Maybe that helped me on the last day of the challenge, a day when it really was cold. A grey mist hung in the morning air, making the leafless trees look spectral. As I emerged from the house, a passing walker chuckled and said I’d be freezing. In the end, I felt invigorated, and I could feel with my body as well as know in my mind that hormesis, the practice of exposing ourselves to mild stressors in order to improve our body’s durability, is – at least when it comes to temperature – a powerful intervention.
My girlfriend will disagree, but I presume that incurring her annoyance, since it involves exposing myself to another mild stressor, is simply another form of hormesis.
Wim Hof’s ice-water bath method for warmer hands and feet
“People who often complain of cold hands or feet suffer from poor vasoconstriction and dilation. The muscles around the veins in their hands and feet do not function well and need to be retrained. This ice bucket exercise helps.”
Fill a bucket with one-third ice and two-thirds water.
Redirect your mental focus to your hands (or feet).
Place your hands or feet into the ice bucket.
Hold your hands or feet in the bucket for two minutes. They should start to feel warm instead of cold.
Remove your hands or feet from the bucket, but keep focused on them.
Shake them out several times to encourage the blood flow into your newly awakened extremities.
Why it works
“Your blood vessels constrict at first. But they relax when your blood reaches 10C (50F), allowing warm blood to flood in. You are resetting the physiology in your extremities. Adaptation occurs quickly. After a couple of days of this, you will find your extremities aren’t so cold.”
Anna Turns ditches her wetsuit in Salcombe
If I ever swim in the sea in November, it’s always in a wetsuit, thermal rash vest, wetsuit socks and gloves with a tow float, goggles and two swim hats. So the prospect of ditching all that kit is nerve-racking for two reasons – not only will I feel more exposed to the cold but also more exposed to view, without the anonymising effect of a wetsuit.
As I tentatively step into the sea – a balmy 13C (55F) – I begin to focus. With every inhalation, I become more present and notice the sensation of the cold waves splashing against my legs.
With every exhalation, I try to relax and overcome the desire to retreat to the beach. I realise that I can survive this – the cold won’t hurt me, it’s something I must embrace. After slowly walking into deeper water, I swim for just a few short strokes with my head up but I’m in. Afterwards, the skin on my arms tingles and I feel more alive.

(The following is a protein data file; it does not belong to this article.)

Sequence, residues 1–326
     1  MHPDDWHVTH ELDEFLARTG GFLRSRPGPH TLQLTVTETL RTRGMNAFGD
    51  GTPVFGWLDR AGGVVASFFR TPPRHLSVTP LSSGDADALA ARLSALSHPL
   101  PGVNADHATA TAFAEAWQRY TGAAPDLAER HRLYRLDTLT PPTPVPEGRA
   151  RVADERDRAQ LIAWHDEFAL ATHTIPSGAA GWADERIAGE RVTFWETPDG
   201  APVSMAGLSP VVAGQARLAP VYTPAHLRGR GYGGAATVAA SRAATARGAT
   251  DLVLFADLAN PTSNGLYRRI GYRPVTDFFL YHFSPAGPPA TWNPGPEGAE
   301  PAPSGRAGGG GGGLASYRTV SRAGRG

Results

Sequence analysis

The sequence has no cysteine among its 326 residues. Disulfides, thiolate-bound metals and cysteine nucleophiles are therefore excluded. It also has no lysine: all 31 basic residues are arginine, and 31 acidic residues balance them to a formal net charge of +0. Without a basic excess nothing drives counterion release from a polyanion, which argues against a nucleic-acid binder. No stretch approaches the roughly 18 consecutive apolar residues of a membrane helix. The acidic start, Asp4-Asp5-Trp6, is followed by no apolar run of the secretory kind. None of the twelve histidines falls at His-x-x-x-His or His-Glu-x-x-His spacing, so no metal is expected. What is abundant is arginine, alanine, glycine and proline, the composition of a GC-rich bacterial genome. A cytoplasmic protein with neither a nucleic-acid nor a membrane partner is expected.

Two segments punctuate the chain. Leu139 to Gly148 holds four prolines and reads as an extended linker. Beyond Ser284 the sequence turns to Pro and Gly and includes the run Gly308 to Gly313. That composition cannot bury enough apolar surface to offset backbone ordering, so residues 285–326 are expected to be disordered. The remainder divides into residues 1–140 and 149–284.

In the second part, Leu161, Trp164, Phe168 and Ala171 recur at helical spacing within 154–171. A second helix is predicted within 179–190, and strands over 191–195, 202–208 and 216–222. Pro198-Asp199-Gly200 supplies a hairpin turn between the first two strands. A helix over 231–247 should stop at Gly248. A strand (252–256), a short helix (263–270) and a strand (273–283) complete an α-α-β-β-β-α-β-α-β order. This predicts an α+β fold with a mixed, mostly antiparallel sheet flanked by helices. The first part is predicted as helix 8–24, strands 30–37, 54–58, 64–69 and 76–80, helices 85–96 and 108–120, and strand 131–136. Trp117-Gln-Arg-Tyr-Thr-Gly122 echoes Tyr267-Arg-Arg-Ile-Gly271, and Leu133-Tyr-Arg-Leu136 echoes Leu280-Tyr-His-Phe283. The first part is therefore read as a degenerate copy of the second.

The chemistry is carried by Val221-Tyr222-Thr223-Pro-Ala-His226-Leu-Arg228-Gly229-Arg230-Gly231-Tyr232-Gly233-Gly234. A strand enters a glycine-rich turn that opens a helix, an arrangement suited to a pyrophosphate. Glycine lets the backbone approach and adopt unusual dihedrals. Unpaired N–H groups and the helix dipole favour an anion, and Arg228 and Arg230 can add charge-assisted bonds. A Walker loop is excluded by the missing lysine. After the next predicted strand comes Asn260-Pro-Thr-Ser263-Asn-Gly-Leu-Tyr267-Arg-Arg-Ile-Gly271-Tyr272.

The following morning, I’m back at the tideline at the crack of dawn in preparation for extreme ice cream headaches. As I take 30 slow, conscious breaths, I gaze at the fishing boats heading out to sea. Once I reach waist depth, I place my hands on the waves and the chill makes my rib cage contract. But I come back to my breath, stay present and begin to feel more at ease. Once I’m swimming, I’m determined to fully submerge.
It’s refreshing, awakening and quite liberating – I’m starting to understand that this cold water immersion is making me more confident, focused and aware that I can push myself out of my comfort zone and be more than all right. I’m buzzing for the rest of the day.
On the third day, I take my goggles, unsure whether I’ll find my flow and be able to settle into a rhythmic calm front crawl but keen to try. These swims go beyond functional exercise though – cold water immersion is my meditation. My senses are heightened and it’s not an escape, it’s about coming back to my breath, feeling every inch of my skin as I swim and fully inhabiting this body. For the rest of the day, I feel invigorated and it’s like an addiction. Who needs neoprene anyway? I can’t wait to get my next hit of vitamin sea.
Have you personally experienced a positive impact on your life from open water swimming or cold exposure? We want to hear from you! Share your story with us by emailing an audio or video testimonial to firstname.lastname@example.org. and get a chance to be featured on the ICEWIM Instagram account.
This article was first published to https://news.yahoo.com/brrr-illiant-health-benefits-cold-175113410.html